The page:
Hurt doesn’t equal harm.

As covered previously, injuries heal and body tissue adapts amazingly well to the demands of various lifestyles. Unfortunately, they don’t always heal quickly or perfectly. If an injury happened months ago then the body has most certainly carried out a certain level of the healing process already. Don’t be discouraged if pain persists. If you can walk with pain, it is likely that you are not damaging the tissue. In-fact motion will increase the durability and capacity of the tissue function. Exercise brings blood flow to the areas of the body required to move. Increased blood flow means expedited healing, so we should take advantage of this and move more often!

Not convinced that you should feel confident about movement?

Several studies have revealed data that disc bulges in the back are incredibly common in people without back pain. This is so common that scientists believe these bulges are not abnormal but a common part of aging. Fact: 50% of 40 year olds with ZERO back pain have a disc bulge-Brinjiki et al (2014).

What about rest and sitting for recovery?

An old adage from doctorate school comes to mind. To rest is to rust. The body has a recovery system that is incredible. The trick is you must help it occasionally. With chronic pain, quick fixes and gimmicks don’t exist. Retraining your body with an anti-inflammatory diet and targeted exercise consistency is key. Rest with overprotective pain system can lead even more protectiveness. Your body will adapt to a stationary lifestyle so if you activate the tissue you will become stronger and much more resilient to injury. Use exercise to rid the body of an overprotective system.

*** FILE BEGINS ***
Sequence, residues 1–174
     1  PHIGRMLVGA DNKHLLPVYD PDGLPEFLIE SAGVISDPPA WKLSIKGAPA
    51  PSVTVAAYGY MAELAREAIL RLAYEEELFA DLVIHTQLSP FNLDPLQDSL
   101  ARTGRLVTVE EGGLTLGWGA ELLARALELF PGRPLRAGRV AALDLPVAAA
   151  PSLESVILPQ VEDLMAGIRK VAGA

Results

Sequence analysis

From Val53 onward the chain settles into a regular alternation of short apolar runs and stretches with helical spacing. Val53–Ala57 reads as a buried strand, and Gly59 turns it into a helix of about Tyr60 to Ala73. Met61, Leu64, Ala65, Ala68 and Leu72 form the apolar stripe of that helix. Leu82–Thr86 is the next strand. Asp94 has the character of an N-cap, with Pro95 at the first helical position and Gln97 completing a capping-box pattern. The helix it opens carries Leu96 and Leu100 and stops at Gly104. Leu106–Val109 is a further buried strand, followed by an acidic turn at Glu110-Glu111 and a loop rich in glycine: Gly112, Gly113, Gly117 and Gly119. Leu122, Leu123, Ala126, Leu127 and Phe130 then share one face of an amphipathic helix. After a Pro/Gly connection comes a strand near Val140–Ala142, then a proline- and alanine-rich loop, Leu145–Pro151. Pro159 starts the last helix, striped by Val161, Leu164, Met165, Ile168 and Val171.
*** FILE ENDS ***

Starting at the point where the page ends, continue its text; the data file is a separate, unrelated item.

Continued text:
Don’t just take our word for it.

Johns Hopkins Medicine journal formulated 7 ways to treat chronic back pain without surgery and the top 4 treatment processes involve:

  1. Exercise therapy
  • Stretching and flexibility
  • Postural training
  • Testing the limits of pain tolerance
  • Aerobic exercise
  • Core strengthening

    2. Mindfulness and meditation
  • Yoga
  • Sensory deprivation

    3. Diet alteration
  • Shaving off inflammatory foods
  • Maintaining a healthy weight

    4. Lifestyle modifications
  • Accepting current physical limitations
  • Pacing yourself to avoid exercise burnout
  • Noting when hurts and what helps your symptoms
  • Decreasing and eventually ridding smoking habits: Nicotine is a scientifically proven pain enhancer that also delays healing.

Mindset and action!

Don’t forget that stress and anxiety can loom large in the recovery process. Clearing the mind with meditation and affirming your journey positive mindfulness helps considerably. Surrounding yourself with active family members and friends will encourage your movement and give you a boost of dopamine and serotonin (feel good chemicals from the brain). Set a reminder in your phone to stretch, get fresh air with a walk or do passive tissue massage with a ball or foam roller. Communicate well with the boss or work coordinator about your situation to help them understand your recovery process. Sitting at the desk for hours on end can set back healing, so be sure to give the body some micro-breaks for movement throughout the day to stay on track.

Content provided by Dr. Parker Grundman